Legislators eager to tend to business in special session


News staff writer

April 19, 2006

Sen. Rick Metsger. D-Welches, and Rep. Patti Smith, R-Corbett, were pleased about last week’s attendance at a Medicare Part D enrollment event in Hood River.

Twenty people showed up at the Coe Primary Building to get more information. And eight of these individuals signed up online for one of several prescription drug plans.

The state officials helped organize the forum for area seniors — in spite of a scramble to rearrange their work schedules for Thursday’s special session.

In order to show up in Salem as directed by Gov. Ted Kulongoski, Metsger, a public relations consultant, will catch a red-eye flight home tonight from a business trip to Louisiana. Smith, a rancher, has arranged for her husband, Leroy, to take on her usual task of delivering calves — 37 to date.

Smith is pleased that House Bill 3507, of which she was the chief sponsor, is the only policy backed by the House that will be on the table for consideration. It triples the mandatory minimum sentence for adults that sexually assault children under the age of 12 — and puts predators on post-prison supervision for life. In 2005 the GOP-controlled House approved the bill, but it died in the Democratically controlled Senate.

However, 18 out of the 30 Senate members are now expressing support for HB3507 or similar legislation.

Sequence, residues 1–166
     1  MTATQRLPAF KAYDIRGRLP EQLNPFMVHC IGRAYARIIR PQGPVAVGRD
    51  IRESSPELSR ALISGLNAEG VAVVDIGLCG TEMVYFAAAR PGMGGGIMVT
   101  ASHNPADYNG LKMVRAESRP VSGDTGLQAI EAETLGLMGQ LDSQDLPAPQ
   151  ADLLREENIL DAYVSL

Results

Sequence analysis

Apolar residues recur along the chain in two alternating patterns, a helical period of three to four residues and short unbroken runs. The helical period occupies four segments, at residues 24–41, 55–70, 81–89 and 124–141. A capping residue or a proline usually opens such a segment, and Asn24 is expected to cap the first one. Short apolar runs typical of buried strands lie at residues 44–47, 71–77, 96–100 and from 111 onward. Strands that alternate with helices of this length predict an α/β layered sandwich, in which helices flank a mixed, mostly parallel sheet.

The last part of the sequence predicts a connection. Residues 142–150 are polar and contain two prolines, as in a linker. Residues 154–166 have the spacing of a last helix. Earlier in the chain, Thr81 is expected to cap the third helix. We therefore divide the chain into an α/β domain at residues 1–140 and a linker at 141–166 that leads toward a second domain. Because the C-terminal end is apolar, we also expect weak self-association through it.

“This is a good bill and we need to step up and make sure it goes through this time,” Smith said.

Kulongoski has pledged to sign off on the bill if it makes it to his desk. The measure is known as Jessica’s Law because it was modeled after a Florida bill enacted following the rape and murder of 9-year-old Jessica Lunsford last year.

Kulongoski has called lawmakers back to Salem to patch a $137 million hole in the budget of the Department of Human Resources. Elected officials will also authorize the disbursal of about $43 million in unexpected lottery profits to state public schools.

In addition, Kulongoski wants legislators to consider Senate Bill 1105 that limits the rates payday loan lenders can charge customers. He is also seeking answers about how to help the Portland School District overcome its severe budget shortfall.

A proposal will be reviewed to restore a Portland school property tax that expired last year, which is expected to give the district more than $15 million in capital next school year.

Both Smith and Metsger anticipate a productive session with plenty of bipartisan cooperation. Metsger believes that Hood River County School District will receive about $321,900 from its share of the added lottery profits. He said that extra capital should help administrators meet operational costs for the 2006-07 school year.

“We want to get those allocations out because we’ve got the extra money and we think that would be holding faith with the people,” he said. He and Smith believe that new DHS Director Dr. Bruce Goldberg is already an asset to the beleaguered agency. The loss of anticipated federal dollars and a higher-than-average caseload has drained DHS coffers. The agency provides health care, food stamps, cash assistance and other services to one in 10 Oregonians. But Smith and Metsger commend Goldberg for already shaving $25 million from the deficit by streamlining operations. They expect that remaining general fund and emergency dollars will be turned over to the agency. And then the focus will turn to staving off another large shortfall. “I think the hope is that we will find better ways to forecast revenue for DHS – and the agency will have new accountabilities in place,” said Smith.

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